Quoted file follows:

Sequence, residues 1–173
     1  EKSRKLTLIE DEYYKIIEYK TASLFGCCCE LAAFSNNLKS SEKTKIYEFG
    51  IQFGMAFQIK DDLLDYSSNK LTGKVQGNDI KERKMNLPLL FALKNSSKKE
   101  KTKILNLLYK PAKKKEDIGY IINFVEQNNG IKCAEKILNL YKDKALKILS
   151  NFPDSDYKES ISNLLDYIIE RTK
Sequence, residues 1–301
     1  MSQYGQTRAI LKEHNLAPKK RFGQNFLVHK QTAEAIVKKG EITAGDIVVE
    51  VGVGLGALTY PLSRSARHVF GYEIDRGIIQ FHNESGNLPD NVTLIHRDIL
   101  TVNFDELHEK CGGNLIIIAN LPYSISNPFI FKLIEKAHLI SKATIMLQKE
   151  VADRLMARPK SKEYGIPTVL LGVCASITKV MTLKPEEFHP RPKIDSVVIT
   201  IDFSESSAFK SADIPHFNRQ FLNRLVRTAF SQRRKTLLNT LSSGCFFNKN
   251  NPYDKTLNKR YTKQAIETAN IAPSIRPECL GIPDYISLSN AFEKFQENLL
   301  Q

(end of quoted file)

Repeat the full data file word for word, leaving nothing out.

Sequence, residues 1–173
     1  EKSRKLTLIE DEYYKIIEYK TASLFGCCCE LAAFSNNLKS SEKTKIYEFG
    51  IQFGMAFQIK DDLLDYSSNK LTGKVQGNDI KERKMNLPLL FALKNSSKKE
   101  KTKILNLLYK PAKKKEDIGY IINFVEQNNG IKCAEKILNL YKDKALKILS
   151  NFPDSDYKES ISNLLDYIIE RTK
Sequence, residues 1–301
     1  MSQYGQTRAI LKEHNLAPKK RFGQNFLVHK QTAEAIVKKG EITAGDIVVE
    51  VGVGLGALTY PLSRSARHVF GYEIDRGIIQ FHNESGNLPD NVTLIHRDIL
   101  TVNFDELHEK CGGNLIIIAN LPYSISNPFI FKLIEKAHLI SKATIMLQKE
   151  VADRLMARPK SKEYGIPTVL LGVCASITKV MTLKPEEFHP RPKIDSVVIT
   201  IDFSESSAFK SADIPHFNRQ FLNRLVRTAF SQRRKTLLNT LSSGCFFNKN
   251  NPYDKTLNKR YTKQAIETAN IAPSIRPECL GIPDYISLSN AFEKFQENLL
   301  Q